The publisher’s latest entry in the Women Writing Africa series: a postmodern tale of the new South Africa that brings a rich sense of allusion, irony, and the past to the dangers the hero, a Griqua descendant of the original Khoi inhabitants, faces when he finds his life threatened in an increasingly African nationalist milieu.
Referring frequently to writers as diverse as Joyce, Morrison, and Breytenbach, Wicomb (You Can’t Get Lost in Cape Town, not reviewed) demonstrates an easy familiarity with the local—especially the Colored—vernacular as she tells spins a yarn that’s part history, part political analysis, and part thriller. She picks up David Dirkse’s story in 1991, a year after Nelson Mandela’s release from prison, as South Africans adjust to the end of apartheid. David’s Colored (mixed-race) mother-in-law, Ouma Sarie, now feels free enough to visit the renovated Logan Hotel, where she worked as a maid for 50 years. Her daughter Sally, a former guerrilla now married to David and mother of two children, is finding domesticity boring; not only that but she suspects there’s another woman in David’s life. Which there is: a shadowy, even symbolic, presence called Dulcie, a guerrilla who was tortured and raped by both sides. David, a dedicated freedom fighter still working for the African National Congress, decides to visit Kokstad in East Griqualand to research his family. There, he learns more about his Griqua ancestor Andrew le Fleur, who, seeing his land taken over by white farmers, led a rebellion, was imprisoned by the British, and then, once free, led the Griquas west into the desert. But David finds that the Struggle is not over: he has enemies, possibly in the ANC itself, and his name is on a hit list.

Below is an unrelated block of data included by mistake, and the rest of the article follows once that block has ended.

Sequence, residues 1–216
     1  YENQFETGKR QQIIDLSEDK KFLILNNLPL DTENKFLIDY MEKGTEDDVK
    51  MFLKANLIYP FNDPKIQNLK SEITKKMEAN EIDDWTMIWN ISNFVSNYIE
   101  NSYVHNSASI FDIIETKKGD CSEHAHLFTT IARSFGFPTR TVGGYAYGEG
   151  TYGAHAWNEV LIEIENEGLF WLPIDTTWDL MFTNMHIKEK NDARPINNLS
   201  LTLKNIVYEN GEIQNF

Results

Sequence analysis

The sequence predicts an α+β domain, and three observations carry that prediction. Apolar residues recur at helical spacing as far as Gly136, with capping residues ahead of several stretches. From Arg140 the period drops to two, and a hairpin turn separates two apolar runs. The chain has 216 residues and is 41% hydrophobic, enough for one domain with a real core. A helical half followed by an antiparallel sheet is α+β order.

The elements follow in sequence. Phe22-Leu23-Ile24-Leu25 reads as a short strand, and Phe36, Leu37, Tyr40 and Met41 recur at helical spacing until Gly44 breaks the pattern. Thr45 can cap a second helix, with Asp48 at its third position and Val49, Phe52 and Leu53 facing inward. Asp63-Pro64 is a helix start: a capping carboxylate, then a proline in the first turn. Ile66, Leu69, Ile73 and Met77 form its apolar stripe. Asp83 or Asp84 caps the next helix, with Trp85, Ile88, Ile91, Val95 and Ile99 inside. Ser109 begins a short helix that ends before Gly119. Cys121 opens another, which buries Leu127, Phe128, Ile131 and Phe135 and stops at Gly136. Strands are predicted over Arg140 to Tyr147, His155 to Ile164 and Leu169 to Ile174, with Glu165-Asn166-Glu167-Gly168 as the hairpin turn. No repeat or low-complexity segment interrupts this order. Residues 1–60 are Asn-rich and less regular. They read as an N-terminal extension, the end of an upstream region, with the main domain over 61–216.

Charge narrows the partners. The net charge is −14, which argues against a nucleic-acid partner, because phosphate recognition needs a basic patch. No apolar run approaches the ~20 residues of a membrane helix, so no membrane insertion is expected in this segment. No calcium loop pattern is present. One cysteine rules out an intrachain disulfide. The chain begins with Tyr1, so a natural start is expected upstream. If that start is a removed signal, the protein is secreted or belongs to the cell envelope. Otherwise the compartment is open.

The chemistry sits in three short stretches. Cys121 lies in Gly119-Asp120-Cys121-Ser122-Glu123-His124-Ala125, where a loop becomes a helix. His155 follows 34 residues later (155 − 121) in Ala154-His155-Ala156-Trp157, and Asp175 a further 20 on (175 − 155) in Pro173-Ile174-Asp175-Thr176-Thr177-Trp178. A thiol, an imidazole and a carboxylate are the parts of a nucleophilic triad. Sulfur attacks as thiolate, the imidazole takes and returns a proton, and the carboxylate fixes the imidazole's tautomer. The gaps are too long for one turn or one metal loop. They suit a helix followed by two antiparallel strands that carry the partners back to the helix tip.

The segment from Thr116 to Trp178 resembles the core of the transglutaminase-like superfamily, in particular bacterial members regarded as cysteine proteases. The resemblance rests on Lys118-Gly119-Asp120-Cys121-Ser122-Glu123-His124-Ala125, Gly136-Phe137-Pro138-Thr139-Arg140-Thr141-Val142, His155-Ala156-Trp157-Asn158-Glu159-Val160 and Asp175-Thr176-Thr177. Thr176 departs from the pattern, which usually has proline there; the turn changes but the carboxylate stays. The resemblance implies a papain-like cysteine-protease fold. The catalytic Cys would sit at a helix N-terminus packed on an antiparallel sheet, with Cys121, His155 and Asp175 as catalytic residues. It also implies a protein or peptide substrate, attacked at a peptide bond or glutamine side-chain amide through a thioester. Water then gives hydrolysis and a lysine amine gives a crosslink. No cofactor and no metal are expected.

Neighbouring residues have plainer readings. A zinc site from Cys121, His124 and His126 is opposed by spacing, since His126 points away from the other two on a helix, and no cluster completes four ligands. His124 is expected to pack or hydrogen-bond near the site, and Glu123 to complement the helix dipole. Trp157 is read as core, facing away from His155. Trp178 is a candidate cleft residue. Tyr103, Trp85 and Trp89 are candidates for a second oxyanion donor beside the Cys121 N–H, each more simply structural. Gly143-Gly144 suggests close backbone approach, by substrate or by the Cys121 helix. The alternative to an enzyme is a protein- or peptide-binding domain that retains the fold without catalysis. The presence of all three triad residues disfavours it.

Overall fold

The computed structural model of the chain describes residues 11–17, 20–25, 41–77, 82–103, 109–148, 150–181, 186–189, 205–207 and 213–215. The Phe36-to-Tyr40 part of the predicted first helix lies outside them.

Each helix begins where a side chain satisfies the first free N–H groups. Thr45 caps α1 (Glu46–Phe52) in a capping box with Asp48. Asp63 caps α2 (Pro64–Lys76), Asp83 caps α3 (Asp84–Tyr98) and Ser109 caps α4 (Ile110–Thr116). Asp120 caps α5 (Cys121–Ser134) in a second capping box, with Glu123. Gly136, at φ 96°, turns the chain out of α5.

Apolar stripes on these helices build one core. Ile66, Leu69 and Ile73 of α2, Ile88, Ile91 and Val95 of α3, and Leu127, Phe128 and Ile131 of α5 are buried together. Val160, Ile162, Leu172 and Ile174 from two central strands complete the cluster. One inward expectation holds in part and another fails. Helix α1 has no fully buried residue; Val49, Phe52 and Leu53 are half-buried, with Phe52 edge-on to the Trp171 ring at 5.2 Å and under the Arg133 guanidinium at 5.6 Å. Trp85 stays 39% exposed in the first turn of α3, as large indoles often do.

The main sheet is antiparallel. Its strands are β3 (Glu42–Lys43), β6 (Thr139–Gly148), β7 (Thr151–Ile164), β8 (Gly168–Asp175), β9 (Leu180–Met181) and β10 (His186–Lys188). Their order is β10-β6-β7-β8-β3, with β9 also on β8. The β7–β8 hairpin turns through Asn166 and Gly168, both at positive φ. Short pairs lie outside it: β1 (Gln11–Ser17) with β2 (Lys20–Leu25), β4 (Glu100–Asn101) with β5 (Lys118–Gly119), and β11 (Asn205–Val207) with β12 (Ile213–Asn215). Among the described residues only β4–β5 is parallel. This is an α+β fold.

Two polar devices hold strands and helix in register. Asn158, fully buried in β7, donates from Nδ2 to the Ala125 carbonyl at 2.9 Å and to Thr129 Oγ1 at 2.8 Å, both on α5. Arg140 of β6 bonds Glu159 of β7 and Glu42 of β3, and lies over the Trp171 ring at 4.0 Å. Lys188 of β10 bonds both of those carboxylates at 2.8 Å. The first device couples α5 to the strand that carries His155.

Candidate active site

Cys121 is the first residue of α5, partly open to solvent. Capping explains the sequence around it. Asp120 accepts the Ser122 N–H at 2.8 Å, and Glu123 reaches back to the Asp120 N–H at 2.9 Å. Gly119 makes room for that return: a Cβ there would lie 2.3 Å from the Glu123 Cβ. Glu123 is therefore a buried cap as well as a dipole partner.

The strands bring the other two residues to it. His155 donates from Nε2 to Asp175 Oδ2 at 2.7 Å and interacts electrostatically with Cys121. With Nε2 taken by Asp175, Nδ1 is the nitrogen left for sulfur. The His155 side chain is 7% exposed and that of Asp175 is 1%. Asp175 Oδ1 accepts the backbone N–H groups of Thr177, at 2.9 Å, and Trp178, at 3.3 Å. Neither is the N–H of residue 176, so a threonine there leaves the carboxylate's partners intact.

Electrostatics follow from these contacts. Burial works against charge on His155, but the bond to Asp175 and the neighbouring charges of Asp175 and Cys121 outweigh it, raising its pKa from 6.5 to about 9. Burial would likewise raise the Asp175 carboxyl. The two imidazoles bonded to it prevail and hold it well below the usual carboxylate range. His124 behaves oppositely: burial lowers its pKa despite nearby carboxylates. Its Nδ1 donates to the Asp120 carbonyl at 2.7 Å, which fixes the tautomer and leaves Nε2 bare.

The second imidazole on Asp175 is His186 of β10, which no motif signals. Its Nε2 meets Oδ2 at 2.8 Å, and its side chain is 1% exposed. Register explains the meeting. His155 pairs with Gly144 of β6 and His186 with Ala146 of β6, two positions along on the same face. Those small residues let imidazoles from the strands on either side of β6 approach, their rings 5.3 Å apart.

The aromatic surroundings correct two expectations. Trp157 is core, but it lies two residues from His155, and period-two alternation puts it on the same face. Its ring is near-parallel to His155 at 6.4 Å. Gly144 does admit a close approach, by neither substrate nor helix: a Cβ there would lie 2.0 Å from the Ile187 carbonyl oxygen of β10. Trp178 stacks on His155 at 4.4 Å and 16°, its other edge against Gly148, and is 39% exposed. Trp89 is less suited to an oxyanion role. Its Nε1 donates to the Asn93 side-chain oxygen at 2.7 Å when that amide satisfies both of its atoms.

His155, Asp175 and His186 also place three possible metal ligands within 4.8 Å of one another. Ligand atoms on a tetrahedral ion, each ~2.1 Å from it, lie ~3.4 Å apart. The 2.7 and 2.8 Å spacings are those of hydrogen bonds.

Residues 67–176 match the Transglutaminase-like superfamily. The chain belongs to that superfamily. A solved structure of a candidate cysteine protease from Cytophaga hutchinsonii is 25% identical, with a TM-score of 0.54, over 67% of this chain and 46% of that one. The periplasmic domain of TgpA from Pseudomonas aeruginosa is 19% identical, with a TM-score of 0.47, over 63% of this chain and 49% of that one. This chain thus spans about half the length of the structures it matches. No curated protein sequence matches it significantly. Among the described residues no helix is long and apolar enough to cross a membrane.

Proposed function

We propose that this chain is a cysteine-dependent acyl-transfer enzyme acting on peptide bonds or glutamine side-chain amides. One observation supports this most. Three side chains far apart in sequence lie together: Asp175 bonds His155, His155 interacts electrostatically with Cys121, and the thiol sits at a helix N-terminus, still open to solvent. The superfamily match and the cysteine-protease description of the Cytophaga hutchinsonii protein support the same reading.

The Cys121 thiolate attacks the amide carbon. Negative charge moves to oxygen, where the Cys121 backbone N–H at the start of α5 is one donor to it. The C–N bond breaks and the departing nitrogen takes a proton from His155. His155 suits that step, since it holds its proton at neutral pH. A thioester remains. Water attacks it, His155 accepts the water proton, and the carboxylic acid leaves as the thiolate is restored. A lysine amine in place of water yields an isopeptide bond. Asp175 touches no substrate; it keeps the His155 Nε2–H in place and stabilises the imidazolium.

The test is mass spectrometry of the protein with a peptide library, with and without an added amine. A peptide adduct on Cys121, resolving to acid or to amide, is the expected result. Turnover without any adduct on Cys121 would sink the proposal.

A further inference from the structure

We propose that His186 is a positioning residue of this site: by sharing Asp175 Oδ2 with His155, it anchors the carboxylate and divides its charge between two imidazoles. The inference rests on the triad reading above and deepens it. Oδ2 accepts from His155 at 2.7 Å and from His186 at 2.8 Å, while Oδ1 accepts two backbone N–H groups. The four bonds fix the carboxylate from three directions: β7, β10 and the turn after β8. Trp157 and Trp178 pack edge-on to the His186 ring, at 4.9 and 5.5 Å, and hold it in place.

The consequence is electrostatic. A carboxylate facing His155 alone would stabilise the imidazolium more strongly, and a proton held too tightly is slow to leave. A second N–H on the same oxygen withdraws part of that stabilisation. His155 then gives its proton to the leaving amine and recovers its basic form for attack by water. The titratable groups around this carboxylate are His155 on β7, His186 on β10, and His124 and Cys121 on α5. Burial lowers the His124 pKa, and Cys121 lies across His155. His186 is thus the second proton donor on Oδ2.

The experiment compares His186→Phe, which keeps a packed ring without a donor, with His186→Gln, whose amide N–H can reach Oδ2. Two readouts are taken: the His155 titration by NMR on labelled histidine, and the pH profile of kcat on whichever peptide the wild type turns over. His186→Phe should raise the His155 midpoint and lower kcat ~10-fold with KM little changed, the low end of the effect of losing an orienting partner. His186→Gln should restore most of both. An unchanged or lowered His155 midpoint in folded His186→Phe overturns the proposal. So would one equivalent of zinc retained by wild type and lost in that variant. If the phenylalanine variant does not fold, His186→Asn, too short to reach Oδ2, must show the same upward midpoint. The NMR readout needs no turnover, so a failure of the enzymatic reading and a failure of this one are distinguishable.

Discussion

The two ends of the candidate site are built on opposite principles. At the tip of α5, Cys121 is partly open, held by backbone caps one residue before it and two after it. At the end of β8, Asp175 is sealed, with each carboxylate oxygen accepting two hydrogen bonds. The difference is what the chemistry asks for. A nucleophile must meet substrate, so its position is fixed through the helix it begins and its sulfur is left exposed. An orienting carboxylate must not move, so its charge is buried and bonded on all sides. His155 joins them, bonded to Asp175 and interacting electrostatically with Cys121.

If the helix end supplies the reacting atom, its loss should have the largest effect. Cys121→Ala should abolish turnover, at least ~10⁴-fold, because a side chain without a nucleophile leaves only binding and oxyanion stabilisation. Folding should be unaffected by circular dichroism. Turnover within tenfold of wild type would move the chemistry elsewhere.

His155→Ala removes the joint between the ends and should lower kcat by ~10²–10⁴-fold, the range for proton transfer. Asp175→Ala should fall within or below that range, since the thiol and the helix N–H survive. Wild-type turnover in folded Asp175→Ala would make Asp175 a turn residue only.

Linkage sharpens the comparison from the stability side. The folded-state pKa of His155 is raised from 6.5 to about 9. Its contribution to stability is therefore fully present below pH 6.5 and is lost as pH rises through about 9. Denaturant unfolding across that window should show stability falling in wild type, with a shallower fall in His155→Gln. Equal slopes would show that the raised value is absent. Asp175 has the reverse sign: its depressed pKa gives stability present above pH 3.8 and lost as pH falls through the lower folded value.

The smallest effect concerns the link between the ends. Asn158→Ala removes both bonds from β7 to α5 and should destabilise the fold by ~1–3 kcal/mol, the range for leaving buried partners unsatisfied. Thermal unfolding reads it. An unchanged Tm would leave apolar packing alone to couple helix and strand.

A provocative post-apartheid novel that raises troubling questions about the role of women, Coloreds, and other non-African minorities in the new South Africa.